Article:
Fun Family Activity


The teacher I am subbing for left a great family vocab activity that I will definitely use in the future and want to share.  We had already worked with family vocab (mom, dad, uncle, aunt, bro, sis, etc) for a couple of days so students were to the point where they could recognize most of the vocab when they saw it.  Each student received a slip of paper with something like this on it:

Yo soy Luisa Santos de Ramos, la madre de Paco y la tía de Alejandra.

I had 20-24 students in the classes.  There were 2 or 3 different family units, depending on the class size, within the papers.  Students had to walk around and 1) find their family unit, 2) figure out how they were all related and 3) draw a family tree of their family (on the white board).

Students were extremely engaged and focused.  I was honestly surprised at the level of engagement and the great teamwork I saw that went into drawing the family tree.  I was worried there might be a few students who hung back and just sat, and there were a few, but for the most part everyone was really invested.  After students drew their family trees I had them read their slips of paper one at a time and we double checked their family trees as a class.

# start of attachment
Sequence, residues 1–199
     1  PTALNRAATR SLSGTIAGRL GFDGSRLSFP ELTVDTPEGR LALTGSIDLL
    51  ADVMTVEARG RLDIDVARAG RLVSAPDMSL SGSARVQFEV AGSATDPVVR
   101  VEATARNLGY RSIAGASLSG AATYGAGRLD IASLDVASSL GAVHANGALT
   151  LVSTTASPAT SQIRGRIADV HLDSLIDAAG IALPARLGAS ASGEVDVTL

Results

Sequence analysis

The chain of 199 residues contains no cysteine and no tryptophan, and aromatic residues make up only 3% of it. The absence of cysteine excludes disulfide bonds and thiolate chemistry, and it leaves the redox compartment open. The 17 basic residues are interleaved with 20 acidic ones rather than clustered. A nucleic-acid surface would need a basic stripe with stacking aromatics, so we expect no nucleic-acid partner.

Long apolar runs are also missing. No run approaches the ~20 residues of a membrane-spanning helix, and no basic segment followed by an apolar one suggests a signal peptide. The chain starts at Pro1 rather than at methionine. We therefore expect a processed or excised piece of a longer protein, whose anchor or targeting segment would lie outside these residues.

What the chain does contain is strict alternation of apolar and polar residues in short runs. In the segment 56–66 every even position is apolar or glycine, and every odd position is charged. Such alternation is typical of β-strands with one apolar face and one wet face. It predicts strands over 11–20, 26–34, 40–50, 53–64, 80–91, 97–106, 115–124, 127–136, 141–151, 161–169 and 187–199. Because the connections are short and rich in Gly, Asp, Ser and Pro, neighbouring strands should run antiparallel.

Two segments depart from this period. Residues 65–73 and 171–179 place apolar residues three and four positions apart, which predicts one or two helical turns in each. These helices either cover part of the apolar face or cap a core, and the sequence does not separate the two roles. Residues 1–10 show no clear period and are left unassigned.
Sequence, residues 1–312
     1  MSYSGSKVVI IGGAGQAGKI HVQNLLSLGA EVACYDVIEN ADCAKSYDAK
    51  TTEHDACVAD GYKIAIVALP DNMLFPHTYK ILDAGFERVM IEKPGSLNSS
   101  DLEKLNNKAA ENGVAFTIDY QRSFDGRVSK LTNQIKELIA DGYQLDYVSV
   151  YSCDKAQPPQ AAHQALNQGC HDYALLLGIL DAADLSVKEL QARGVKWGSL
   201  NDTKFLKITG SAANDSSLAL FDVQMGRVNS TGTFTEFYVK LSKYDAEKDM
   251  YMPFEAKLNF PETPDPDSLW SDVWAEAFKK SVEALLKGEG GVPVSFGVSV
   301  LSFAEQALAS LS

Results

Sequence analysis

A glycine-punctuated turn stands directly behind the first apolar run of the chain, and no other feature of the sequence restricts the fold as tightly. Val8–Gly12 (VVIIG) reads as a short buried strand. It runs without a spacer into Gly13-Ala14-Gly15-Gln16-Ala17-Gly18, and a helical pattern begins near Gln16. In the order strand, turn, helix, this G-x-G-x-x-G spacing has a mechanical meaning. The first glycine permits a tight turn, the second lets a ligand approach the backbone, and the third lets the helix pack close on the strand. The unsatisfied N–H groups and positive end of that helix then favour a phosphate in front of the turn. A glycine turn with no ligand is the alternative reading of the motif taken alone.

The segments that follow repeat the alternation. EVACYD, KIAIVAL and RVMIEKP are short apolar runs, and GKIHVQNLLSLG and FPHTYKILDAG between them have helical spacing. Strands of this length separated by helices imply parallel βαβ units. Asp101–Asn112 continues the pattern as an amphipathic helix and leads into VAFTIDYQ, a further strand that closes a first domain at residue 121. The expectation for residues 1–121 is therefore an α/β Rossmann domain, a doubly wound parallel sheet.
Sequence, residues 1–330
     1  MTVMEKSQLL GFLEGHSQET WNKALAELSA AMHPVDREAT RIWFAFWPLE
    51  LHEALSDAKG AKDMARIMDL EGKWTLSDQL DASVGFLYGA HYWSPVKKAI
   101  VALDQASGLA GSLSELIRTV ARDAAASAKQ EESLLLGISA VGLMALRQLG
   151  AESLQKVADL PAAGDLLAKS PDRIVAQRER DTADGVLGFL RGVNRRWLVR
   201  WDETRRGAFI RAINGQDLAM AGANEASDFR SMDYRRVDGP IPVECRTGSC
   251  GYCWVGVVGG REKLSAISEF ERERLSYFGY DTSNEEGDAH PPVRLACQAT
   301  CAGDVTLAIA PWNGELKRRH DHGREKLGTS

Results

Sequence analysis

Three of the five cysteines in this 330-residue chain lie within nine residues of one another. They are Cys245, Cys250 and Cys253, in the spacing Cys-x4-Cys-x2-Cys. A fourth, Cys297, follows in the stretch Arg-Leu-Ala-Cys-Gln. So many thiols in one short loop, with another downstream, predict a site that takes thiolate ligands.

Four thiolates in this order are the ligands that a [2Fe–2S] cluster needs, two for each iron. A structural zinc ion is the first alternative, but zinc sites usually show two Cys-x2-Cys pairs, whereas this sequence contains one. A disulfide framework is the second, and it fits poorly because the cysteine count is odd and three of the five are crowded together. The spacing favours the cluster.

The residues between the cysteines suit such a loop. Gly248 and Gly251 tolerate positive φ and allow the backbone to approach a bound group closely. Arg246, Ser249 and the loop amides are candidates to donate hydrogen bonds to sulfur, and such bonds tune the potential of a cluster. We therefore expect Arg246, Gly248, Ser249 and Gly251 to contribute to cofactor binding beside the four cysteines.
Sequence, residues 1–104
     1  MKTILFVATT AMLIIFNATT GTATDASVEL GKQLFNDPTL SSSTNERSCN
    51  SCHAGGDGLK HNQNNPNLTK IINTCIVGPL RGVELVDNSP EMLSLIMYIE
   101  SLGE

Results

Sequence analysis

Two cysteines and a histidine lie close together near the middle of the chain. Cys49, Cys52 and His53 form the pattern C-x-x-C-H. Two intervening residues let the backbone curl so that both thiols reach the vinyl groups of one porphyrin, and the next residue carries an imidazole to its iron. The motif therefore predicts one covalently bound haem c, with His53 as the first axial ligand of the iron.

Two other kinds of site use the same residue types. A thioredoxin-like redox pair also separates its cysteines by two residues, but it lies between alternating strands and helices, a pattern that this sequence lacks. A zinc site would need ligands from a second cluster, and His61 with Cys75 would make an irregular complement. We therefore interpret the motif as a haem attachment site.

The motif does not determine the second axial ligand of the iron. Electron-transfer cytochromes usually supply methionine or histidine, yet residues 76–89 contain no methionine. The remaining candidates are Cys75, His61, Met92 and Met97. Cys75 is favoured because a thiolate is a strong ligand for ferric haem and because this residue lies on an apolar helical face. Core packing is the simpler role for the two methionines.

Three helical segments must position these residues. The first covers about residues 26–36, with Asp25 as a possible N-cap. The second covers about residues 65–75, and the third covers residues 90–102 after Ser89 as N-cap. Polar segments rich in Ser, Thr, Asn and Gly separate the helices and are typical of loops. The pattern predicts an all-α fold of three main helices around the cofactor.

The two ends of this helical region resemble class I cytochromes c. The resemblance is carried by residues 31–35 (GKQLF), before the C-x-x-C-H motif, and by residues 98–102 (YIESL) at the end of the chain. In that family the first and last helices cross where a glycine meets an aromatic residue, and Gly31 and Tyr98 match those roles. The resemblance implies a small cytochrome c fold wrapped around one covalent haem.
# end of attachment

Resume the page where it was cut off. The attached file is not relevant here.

Students had a great time seeing who was “married” and who were parents and kids of each other.  It was a great activity in which students worked with the target vocab, got to use their problem solving skills, get up and move and draw.


I Didn’t Know What I was Missing!


This Monday will mark my 4th week as a long-term sub at a high school for a Spanish teacher who is out on maternity leave.  There is another Spanish teacher and two ELL teachers in the pod I’m working in.  For the last two years I was the only language teacher in my district.  I was also the only full-time teacher that was always on the third floor of the building I taught in.  I went days without seeing another adult sometimes.  I had no idea what I was missing out on by not having other language teachers around me.

Sure I reached out on Twitter and have a wonderful group of teachers/educators with whom I communicate but that’s not the same as being able to run across the pod after school or between classes and get a language teacher’s perspective on a topic, activity or student.  I have grown a lot these weeks in management and teaching and have felt more confident than ever just by being able to bounce ideas off of someone in the moment or seek guidance from a veteran teacher who knows my students, school and subject.

I don’t know that this post serves much of a point other than to highlight my thankfulness for the situation I’m in and the people I’m learning from.  It also affirms my faith that person-to-person interactions and relationships are paramount to good teaching and good living.  I feel healthier and more invigorated as a teacher than I have so far in my short career.

Until Next Time,

Maestra McH